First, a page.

Lithuanian Companies Are Offered The Support Of €40K For The Commercialization Of CERN Technologies
Lithuanian Innovation Centre together with the Sunrise Valley and Kaunas Science and Technology Parks invites companies to submit applications to participate in the Lithuanian Business Incubation Centre of CERN Technology (incubator) program. The companies selected for the incubator will have a unique opportunity to develop and commercialize their innovative products based on CERN technologies. In addition, companies will receive an additional support of 40 thousand Euros for this activity.
“We invite start-ups, spin-offs and young companies with business ideas on how to use CERN’s technologies and competencies or facing technological challenges that could be addressed with the help of CERN experts, to participate in the selection,” says Dr. Adomas Jelinskas, coordinator of the CERN incubator in Lithuania, consultant at Lithuanian Innovation Centre.
According to him, the companies selected for the incubator will receive not only the financial grant of 40 thousand Euros but also the licensing of CERN’s intellectual property on preferential terms, consultations by CERN experts and consultations by experts from the Lithuanian Innovation Centre and both science and technology parks. Businesses will also be able to use the premises in one of the above-mentioned science and technology parks.
Business applications are accepted until May 1st, 2021. More information about the selection conditions and the application form can be found on the CERN incubator in Lithuania website www.cern.lt/en/incubator.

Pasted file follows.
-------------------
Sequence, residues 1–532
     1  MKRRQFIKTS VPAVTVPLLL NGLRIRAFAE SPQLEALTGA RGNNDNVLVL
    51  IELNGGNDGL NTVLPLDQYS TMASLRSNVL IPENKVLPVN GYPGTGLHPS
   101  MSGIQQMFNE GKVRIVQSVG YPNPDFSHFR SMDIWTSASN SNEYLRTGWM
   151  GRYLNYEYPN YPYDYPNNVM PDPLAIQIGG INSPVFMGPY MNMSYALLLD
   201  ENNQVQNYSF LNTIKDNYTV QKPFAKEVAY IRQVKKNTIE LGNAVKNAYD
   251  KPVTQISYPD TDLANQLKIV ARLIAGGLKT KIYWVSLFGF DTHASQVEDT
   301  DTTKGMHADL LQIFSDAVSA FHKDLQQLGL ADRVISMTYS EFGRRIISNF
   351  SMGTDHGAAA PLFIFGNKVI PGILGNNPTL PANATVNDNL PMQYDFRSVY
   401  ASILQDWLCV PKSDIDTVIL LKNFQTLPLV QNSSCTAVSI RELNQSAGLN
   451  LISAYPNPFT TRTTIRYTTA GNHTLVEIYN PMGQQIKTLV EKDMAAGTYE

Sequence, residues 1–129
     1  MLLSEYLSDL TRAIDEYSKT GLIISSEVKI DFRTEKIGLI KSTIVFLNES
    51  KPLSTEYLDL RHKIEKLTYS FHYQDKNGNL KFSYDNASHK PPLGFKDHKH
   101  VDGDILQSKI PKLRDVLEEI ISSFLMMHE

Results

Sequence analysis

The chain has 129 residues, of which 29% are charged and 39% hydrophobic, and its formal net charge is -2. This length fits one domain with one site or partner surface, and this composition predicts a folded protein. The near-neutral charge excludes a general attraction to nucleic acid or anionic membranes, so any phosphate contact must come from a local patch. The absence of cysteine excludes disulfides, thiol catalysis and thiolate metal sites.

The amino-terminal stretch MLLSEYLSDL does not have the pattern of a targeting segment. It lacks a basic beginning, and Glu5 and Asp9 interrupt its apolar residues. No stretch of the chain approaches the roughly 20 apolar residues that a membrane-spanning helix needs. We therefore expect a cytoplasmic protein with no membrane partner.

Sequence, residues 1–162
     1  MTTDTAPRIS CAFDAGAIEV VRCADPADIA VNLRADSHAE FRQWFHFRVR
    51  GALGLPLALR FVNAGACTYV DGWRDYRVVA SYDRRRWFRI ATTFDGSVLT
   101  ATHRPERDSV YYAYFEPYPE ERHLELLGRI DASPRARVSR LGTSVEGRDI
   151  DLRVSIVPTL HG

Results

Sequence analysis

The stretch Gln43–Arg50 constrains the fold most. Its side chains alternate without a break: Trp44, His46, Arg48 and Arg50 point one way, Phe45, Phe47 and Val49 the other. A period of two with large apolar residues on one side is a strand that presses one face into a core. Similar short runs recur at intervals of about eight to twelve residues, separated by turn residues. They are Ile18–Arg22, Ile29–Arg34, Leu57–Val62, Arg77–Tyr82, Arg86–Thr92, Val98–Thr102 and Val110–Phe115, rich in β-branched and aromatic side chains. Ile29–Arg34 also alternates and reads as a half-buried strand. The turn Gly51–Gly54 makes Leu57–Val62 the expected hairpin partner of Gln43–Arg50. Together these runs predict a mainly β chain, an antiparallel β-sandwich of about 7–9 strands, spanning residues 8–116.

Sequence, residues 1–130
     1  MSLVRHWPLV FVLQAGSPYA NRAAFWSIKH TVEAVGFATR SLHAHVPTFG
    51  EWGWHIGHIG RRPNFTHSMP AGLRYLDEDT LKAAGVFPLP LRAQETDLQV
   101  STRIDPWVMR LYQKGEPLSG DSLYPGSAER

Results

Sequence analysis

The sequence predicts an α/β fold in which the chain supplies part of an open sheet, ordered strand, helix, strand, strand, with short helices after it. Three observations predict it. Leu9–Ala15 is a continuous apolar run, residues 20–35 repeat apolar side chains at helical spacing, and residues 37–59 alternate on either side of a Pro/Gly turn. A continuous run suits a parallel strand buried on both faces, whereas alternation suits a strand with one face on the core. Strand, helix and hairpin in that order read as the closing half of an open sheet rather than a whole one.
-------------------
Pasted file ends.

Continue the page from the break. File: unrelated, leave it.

“CERN, the world’s largest nuclear research laboratory, is conducting particle physics experiments to answer fundamental questions about the structure of the universe, creating many new technologies that can be successfully applied beyond particle physics. For example, in search of a solution to facilitate and speed up the sharing of information between scientists, CERN engineers developed a technology – the World Wide Web – that allowed information to be shared between computers connected to the Internet”, explains A. Jelinskas.
The range of technologies developed by CERN is so wide that they cannot be commercialized by the nuclear research laboratory itself, enabling companies to license or apply technologies with the help of CERN experts to develop their own unique innovative products and then successfully market them, as the New Zealand company MARS Bioimaging. The company, using a silicon micro-pixel sensor that was built in CERN’s laboratory, has developed a spectral computed tomography product that allows color X-ray images to be extracted. This allowed the company to compete successfully in the medical equipment markets.
The selection for the CERN incubator in Lithuania is announced for the second time. Last year, the three most original and obvious value-added start-ups were selected, who successfully use their expert and financial support to develop their products based on CERN technologies. Cyber POD works with 3D electronics printing, Volatile Technologies AI is digitizing the sense of smell, and Paulai Tech is developing a STEM subject learning app based on augmented reality technology.
CERN’s competencies and technologies cover areas such as particle accelerators, particle beam instrumentation and control, refrigeration and ventilation, cryogenics, detectors and sensors, ultra-pure vacuum, control and simulation of industrial systems, information and communication technologies, magnets, mechanics, materials and electrical engineering, metrology, optoelectronics and microelectronics, radiation safety and monitoring, radiofrequency technologies, superconductivity, robotics, data and digital sciences, particle tracking and calorimetry. They are most applied in aerospace, emerging technologies, medical and biomedical technologies, safety and environment, industry 4.0, and cultural heritage sectors.